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Web Exclusive: Meadowvale Community Centre and Library

Just outside Toronto, the new Meadowvale Community Centre and Library by Perkins+Will rethinks what true accessibility means in 2017.

April 6, 2017
by Canadian Architect

Photo: Lisa Logan Photography

Photo: Lisa Logan Photography

Overlooking Lake Aquitaine, the new Meadowvale Community Centre and Library by Perkins+Will was built to replace an existing centre that could no longer meet the needs of the surrounding community.

The former 1970s centre was roughly half the size of this new one, which combines the previously offsite library with a more flexible and forward-thinking amenity mix that includes gender neutral change-rooms, therapy and leisure pools, a 3-D printer, kitchen, large programming spaces, fireplaces, a green roof, and outdoor patio spaces overlooking Lake Aquitaine. 

Photo: Lisa Logan Photography

Photo: Lisa Logan Photography

For design team Perkins+Will, accessibility was threaded into the architectural vision from the offset, resulting in a barrier-free design that promotes inclusivity for a diverse mix of groups well into the future. Elevating the relationship between accessibility and design, Meadowvale offers not only physical, but also economic and physiological access. Contrast between white walls and dark floors provides assistance for those with visual impairments, while also being aesthetically striking. Perkins+Will also recognized that designing to promote inclusivity helps to alleviate growing isolation felt by the community’s older adult population.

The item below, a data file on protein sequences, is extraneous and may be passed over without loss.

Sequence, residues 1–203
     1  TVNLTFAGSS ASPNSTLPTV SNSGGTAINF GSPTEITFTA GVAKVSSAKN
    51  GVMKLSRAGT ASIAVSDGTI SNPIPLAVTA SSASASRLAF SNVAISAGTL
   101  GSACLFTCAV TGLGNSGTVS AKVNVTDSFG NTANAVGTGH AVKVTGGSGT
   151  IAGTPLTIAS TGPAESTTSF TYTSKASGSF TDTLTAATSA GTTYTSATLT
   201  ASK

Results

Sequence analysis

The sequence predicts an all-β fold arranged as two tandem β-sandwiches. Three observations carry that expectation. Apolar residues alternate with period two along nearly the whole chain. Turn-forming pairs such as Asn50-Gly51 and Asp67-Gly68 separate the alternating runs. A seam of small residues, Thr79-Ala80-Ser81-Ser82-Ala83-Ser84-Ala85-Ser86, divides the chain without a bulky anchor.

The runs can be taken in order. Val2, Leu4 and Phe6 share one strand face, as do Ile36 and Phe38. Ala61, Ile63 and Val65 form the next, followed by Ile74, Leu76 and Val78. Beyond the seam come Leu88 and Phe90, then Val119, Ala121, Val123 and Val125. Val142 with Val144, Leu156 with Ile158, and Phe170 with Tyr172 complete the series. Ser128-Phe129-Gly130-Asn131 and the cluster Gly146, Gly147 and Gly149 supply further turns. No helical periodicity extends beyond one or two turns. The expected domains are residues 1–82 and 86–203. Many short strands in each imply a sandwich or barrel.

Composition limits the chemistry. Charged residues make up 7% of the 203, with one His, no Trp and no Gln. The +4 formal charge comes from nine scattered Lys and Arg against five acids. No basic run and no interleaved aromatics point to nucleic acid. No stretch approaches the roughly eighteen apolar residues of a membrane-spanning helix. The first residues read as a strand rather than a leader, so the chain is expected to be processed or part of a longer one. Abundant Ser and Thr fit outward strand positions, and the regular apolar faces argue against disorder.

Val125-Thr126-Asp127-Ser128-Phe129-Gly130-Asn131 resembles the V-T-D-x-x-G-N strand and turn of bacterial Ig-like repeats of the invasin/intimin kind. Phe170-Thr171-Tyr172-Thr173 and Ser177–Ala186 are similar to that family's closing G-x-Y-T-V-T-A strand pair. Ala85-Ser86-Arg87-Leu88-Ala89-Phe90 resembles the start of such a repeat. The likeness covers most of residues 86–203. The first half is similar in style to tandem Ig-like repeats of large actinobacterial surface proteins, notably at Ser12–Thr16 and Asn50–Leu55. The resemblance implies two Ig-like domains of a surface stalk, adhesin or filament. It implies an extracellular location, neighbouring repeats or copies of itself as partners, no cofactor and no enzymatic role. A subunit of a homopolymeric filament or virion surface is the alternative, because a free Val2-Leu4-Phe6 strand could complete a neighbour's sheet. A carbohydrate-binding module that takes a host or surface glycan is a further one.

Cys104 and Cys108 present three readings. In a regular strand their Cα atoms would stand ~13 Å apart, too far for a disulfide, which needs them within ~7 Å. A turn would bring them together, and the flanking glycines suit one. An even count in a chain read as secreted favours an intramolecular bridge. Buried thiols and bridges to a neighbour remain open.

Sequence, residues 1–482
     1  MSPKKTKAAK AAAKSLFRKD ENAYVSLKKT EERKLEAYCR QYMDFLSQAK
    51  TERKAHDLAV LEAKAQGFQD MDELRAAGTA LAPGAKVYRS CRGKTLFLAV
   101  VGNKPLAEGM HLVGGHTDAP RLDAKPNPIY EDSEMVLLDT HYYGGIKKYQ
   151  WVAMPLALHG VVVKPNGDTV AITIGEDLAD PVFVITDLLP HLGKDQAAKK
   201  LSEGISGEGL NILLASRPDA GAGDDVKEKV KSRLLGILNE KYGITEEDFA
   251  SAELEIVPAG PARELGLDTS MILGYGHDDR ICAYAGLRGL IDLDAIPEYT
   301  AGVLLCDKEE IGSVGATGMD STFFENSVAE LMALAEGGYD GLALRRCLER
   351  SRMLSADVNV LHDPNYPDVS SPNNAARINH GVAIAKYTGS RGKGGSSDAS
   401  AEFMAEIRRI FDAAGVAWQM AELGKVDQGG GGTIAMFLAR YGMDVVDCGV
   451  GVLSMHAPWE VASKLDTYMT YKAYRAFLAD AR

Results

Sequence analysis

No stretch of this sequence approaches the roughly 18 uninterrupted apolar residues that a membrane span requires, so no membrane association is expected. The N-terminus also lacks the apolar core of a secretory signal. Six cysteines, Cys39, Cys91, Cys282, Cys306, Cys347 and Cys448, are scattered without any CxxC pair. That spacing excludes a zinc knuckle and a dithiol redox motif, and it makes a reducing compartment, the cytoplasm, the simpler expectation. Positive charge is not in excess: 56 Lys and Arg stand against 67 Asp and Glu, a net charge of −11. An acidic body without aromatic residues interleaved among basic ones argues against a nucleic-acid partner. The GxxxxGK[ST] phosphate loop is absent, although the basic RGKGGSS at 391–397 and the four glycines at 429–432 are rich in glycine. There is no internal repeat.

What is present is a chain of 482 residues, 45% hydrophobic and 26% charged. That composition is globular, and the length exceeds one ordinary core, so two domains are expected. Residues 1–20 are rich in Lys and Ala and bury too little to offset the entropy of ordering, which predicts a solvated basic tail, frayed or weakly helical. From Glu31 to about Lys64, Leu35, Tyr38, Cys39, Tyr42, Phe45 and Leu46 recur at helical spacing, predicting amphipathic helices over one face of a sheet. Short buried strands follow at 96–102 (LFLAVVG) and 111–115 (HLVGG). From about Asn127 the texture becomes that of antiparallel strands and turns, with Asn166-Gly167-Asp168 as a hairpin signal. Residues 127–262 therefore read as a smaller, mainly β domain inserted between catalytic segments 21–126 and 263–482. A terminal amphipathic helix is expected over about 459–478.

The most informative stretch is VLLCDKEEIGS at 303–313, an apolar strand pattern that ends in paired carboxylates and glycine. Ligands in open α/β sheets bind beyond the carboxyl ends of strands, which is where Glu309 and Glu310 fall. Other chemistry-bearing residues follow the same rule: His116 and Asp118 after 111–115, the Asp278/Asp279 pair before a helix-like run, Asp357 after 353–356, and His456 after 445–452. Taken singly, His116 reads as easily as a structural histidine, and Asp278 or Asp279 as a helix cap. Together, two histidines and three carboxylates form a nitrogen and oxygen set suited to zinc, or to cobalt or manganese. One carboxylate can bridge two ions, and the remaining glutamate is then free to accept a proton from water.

Flexibility also played a role in the architectural vision. Perkins+Will created versatility though swing spaces, while an easy-to-navigate layout of amenities eliminates the need for signage.

Photo: Lisa Logan Photography

Photo: Lisa Logan Photography

Green features also played a key role in the design mandate. The green roof addition contains an integrated irrigation system, allowing storm water to be collected and used for toilets and plants. Excess water is filtered through permeable areas of the parking lot into a rock garden on the perimeter. Meanwhile, the large coloured fins on the outside of building areas reduce solar gain without inhibiting light.

These sustainable innovations helped the centre achieve a LEED silver certification and assist with promoting sustainable practices to those who live in the community.